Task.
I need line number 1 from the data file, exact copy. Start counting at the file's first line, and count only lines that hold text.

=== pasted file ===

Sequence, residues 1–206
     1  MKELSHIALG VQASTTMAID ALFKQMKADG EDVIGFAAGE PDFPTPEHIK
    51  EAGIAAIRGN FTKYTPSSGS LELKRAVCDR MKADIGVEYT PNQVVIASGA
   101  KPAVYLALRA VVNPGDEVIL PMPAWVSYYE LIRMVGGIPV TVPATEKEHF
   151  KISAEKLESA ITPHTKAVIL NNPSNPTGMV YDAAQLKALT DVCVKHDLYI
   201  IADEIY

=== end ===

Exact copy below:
Sequence, residues 1–206